It's probably Larry's lack of eyebrows that hypnotized him :)
  • Here's a thought...

    Not sure how practical it would be but can't the open source community come up with an "alternative" to Java? Granted Sun may have been a fine steward of it - obviously Oracle want's to be the bully. Finding a way around Oracle, essentially shutting them out of the community may present itself to be a viable investment.
    • What about legacy applications?

      @JT82 An end run around Java might be technically feasible but a lot of programmers were trained in Java and feel comfortable with the language. Also there are a lot of legacy applications written in Java.

      Realistically something that ended up being "compatible" with Java or legacy Java applications would need to be Java. You would have to license the JVM at least.

      Also selling a new technology as a replacement for Java hasn't really worked on a broad base.
  • RE: The Apache way meets the Oracle way

    Oracle's never really been customer focused anyway. Back when we used it exclusively every time we ran into a problem, after fiddling around with tech support for days or even weeks we'd finally hear "that's a known problem that will be fixed in the next release." Great, but that doesn't help us now and your software says it will do this when it obviously won't.
  • Look at Oracle's MySQL product page

    They are charging to server editions on a free database. Sure it sounds like tools for large corporations that use a free database service. But it sounds like Oracle stripped out tools used to maintain the database and making you pay for them. I'm picturing something similar with Java7 where it'll have it's free edition, but the extra components or essential addons for visual or advance programming you'll have to pay for yourself or build yourself. I agree that Oracle does not deserve Sun Microsystems.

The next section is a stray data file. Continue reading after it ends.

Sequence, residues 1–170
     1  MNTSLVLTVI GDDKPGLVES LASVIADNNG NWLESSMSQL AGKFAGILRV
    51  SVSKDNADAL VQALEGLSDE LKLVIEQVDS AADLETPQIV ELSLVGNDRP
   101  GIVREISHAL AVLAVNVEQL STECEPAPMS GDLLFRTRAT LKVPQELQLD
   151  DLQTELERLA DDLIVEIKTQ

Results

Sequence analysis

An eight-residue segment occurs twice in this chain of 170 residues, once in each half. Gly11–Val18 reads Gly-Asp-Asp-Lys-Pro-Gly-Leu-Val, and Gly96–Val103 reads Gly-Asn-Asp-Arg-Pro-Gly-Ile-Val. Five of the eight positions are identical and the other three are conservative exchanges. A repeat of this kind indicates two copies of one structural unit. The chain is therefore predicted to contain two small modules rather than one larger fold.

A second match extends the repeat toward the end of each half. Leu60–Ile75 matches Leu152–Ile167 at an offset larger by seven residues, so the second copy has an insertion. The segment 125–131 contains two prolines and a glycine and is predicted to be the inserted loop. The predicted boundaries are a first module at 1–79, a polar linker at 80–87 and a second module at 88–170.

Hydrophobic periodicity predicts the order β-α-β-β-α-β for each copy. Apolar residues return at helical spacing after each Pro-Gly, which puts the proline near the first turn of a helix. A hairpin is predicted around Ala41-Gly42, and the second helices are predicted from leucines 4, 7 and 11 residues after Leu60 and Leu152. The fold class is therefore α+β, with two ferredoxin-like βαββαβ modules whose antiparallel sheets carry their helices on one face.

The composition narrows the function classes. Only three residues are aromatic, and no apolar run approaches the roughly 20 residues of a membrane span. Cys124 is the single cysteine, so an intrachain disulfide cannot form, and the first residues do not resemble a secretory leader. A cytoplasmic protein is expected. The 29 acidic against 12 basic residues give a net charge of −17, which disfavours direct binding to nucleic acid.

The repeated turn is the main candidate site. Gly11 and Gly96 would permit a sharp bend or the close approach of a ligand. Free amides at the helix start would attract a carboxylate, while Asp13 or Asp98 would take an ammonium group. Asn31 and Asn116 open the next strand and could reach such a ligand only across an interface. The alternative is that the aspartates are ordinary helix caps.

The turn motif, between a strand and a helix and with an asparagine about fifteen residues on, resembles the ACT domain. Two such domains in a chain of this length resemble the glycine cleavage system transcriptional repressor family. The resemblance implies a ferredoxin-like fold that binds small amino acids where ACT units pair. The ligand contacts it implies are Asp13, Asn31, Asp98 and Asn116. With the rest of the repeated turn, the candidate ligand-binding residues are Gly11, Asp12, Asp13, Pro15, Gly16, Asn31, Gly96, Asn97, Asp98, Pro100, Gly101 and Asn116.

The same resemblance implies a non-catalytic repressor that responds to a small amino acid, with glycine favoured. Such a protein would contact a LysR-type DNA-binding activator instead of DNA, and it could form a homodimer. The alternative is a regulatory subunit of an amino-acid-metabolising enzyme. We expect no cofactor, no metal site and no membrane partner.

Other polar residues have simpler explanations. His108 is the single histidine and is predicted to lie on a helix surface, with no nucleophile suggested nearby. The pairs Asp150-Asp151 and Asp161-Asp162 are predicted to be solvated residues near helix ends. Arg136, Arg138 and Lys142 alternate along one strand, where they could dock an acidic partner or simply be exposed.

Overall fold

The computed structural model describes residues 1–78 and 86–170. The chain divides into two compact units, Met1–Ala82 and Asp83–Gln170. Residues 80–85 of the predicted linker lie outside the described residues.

• RE: The Apache way meets the Oracle way

      @Maarek I don't think "deserve" has much to do with it. The question is how much value can they get from what they've bought, and does this make the purchase worthwhile?

      I agree that dumping value in order to extract cash from it is like killing the goose that laid the golden eggs. But it's their goose.
  • RE: The Apache way meets the Oracle way

    @DanaBlankenhorn It felt more like everyone's goose w/ Sun's name on it for credit. We could do anything we wanted with it and share w/ everyone else.
    • RE: The Apache way meets the Oracle way

      @Maarek I got the impression in my talks at ApacheCon that there's sort of relief over what Oracle has done. With Sun they were always saying "it'll work out, we'll get you the details later" but nothing happened. Now at least Oracle has said what will happen, for certain, and the market needs to create a response to that.
  • RE: The Apache way meets the Oracle way

    wow @ DanaBlankenhorn fantastic reading material :)